Instituto de Óptica “Daza de Valdés”

Femtosecond laser thinning for resistivity control of tungsten ditelluride thin-films synthesized from sol-gel deposited tungsten oxide


  • Researchers succeed in controlling electrical resistivity in the generation of tungsten ditelluride (WTe₂) thin films using a femtosecond laser.

Madrid / January 17, 2024

2D materials, which are one or a few atomic layers thick, are very interesting in research today because they show great improvements in many physical and chemical properties compared to normal materials.

In addition to studying the applications and properties of these new 2D materials, another major challenge is to produce them at low cost and with the desired characteristics.

In this study, a research team formed by members of CSIC and UAM has published a new method to control the resulting resistivity in the fabrication of tungsten ditelluride thin films (WTe₂). The work has been published in the journal “Surfaces and Interfaces” and falls under the ULS_PSB project (PID2020-112770RB-C21 and PID2020-112770RB-C22).

Tungsten ditelluride (WTe₂), like many 2D materials, has aroused great interest due to its unique electronic properties, such as extremely high magnetoresistance and no saturation, pressure-induced superconductivity, being able to be one of the components to be part of the future Tunneling Field Effect Transistor and its potential for various applications in fields such as electronics, optics, chemistry and biomedicine.

The team has developed a synthesis route to obtain WTe₂ thin films using a sol-gel deposit method of tungsten oxide (WO3), followed by a reduction process in metallic tungsten (W) and a final process of tellurization by vapor transport under isothermal conditions.

Using high-energy X-ray photoelectron spectroscopy techniques, complete tellurization of the approximately 300 nm thick thin film was confirmed, identifying a telluride gradient from the surface to the interior of the film.

Among the highlights of this study, the ability to precisely control the electrical resistivity of WTe₂ thin films by selective femtosecond laser thinning is demonstrated. Using femtosecond laser pulses with a duration of 350 fs and a wavelength of 515 nm, an anisotropic conductivity (conductivity changes in one direction or the other) was successfully induced by transforming the material surface by writing periodically separated lines. The results showed that this directional resistivity of the films could be changed from 0.2 mΩ-m to 1 mΩ-m while maintaining the material characteristics.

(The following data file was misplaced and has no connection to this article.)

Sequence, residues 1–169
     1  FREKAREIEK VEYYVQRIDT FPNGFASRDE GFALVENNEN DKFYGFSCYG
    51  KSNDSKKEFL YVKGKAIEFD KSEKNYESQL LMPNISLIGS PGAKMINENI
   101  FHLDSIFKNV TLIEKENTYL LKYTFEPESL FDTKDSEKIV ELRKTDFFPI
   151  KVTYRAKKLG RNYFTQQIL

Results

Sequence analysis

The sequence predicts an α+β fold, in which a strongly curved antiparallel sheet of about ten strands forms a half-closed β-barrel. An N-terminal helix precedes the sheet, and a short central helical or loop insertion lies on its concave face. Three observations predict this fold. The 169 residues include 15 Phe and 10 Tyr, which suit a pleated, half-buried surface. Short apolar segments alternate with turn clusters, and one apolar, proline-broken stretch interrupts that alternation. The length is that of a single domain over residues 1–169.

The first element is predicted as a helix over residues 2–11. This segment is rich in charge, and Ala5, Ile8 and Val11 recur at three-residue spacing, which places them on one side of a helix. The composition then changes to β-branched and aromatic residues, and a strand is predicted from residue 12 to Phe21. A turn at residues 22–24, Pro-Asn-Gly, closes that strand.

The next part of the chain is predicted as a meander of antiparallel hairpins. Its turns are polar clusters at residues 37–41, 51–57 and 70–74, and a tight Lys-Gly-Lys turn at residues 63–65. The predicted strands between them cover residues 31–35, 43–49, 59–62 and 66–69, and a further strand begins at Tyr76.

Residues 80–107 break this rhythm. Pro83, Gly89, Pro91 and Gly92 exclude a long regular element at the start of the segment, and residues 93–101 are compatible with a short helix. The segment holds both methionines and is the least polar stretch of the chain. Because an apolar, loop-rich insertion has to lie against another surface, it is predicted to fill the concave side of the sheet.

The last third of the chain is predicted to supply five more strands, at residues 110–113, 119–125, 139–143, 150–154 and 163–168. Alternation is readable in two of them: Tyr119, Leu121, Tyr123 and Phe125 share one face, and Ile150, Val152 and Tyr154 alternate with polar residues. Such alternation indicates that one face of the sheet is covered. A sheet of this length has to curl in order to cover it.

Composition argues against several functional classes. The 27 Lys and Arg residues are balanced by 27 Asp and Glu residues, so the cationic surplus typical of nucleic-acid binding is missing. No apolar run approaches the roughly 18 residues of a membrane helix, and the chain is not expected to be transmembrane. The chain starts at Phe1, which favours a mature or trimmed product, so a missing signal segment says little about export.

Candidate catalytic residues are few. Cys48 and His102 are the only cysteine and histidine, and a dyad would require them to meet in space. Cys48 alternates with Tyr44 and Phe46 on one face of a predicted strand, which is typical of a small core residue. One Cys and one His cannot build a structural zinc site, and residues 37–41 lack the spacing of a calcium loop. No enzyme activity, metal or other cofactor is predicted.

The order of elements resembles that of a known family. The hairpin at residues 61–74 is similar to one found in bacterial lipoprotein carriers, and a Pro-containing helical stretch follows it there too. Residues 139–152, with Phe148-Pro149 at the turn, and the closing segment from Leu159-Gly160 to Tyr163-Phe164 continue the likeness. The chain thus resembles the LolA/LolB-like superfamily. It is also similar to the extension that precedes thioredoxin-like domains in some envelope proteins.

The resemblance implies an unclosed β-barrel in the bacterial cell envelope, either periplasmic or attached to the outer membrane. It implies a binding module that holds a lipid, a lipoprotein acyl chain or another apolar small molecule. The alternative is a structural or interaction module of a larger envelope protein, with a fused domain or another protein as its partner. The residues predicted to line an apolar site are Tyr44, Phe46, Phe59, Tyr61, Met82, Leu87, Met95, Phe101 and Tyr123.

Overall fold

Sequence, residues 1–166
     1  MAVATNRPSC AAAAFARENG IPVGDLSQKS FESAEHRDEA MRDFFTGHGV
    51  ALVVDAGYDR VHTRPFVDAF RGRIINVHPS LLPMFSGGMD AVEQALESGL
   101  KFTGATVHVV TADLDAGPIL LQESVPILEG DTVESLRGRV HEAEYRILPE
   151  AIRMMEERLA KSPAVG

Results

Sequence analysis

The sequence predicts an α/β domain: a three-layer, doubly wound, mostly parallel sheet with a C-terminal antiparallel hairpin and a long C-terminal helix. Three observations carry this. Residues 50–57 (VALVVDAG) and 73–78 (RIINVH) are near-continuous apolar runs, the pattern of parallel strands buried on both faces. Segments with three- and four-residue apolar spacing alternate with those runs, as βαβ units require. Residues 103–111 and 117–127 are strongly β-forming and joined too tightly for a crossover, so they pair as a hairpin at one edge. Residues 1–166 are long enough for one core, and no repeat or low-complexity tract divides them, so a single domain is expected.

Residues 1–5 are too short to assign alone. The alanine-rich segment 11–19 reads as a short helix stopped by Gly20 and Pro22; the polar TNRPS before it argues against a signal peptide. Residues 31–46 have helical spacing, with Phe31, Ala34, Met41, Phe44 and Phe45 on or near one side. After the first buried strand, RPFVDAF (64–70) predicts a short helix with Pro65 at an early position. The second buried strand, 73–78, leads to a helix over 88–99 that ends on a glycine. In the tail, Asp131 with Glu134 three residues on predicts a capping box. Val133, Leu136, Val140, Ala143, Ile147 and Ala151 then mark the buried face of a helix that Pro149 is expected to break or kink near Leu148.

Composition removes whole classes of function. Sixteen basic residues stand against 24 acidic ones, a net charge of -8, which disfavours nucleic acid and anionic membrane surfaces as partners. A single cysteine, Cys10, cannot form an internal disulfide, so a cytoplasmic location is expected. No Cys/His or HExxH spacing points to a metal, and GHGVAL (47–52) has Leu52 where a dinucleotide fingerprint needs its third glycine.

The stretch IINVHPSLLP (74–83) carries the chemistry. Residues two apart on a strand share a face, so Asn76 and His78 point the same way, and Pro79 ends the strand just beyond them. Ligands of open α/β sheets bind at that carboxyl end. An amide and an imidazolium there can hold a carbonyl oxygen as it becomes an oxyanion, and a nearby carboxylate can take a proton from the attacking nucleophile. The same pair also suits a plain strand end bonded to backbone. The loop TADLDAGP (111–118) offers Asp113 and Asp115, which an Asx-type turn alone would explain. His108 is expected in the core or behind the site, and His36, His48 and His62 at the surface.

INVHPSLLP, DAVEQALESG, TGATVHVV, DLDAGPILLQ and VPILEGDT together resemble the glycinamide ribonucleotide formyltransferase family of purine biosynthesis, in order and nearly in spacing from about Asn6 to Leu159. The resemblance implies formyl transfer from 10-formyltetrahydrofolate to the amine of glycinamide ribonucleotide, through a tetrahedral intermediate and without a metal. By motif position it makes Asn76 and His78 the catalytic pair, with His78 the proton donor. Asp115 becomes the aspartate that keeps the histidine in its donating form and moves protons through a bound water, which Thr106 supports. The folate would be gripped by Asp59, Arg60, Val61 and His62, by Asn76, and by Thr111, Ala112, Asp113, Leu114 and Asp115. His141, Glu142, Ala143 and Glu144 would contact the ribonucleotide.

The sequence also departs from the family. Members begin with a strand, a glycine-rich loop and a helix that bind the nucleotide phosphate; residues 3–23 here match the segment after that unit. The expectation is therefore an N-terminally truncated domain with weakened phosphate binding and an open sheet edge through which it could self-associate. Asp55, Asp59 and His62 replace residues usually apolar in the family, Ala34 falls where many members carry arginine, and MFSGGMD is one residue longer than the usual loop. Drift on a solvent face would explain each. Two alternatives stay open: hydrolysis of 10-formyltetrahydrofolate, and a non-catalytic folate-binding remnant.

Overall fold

Scanning electron microscope and X-ray analysis image of the lines created on the surface of a laser-treated region at a maximum fluence of 170 mJ/cm2 / Surfaces and Interfaces

Femtosecond laser thinning of thin films has been used previously on a variety of materials, and in this study we demonstrate its ability to precisely control the properties of two-dimensional films. This control also lies in the increased precision in spatial resolution by using a visible wavelength instead of infrared lasers, allowing transformations of less than two micrometers to be performed by direct laser writing.

This advance in the control of the resistivity of 2D materials opens up new possibilities for its application in electronic devices and emerging technologies. The research team hopes that this femtosecond laser thinning method can be applied to thin films of other similar composite foils, thus broadening the scope of their research.

This study represents a significant step forward in the understanding and manipulation of 2D materials, and its potential impact in fields such as electronics, energy and medicine is promising. Researchers continue to work on improving this method and exploring other applications for tungsten ditelluride thin films and other 2D materials.

This is a collaborative research work of the Material Sciences Institute Nicolás Cabrera of the Universidad Autónoma de Madrid, the Laser Processing group of the IO-CSIC, the Material Sciences Institute of Madrid ICMM-CSIC and the Spanish CRG beamline of the European synchrotron ESRF.


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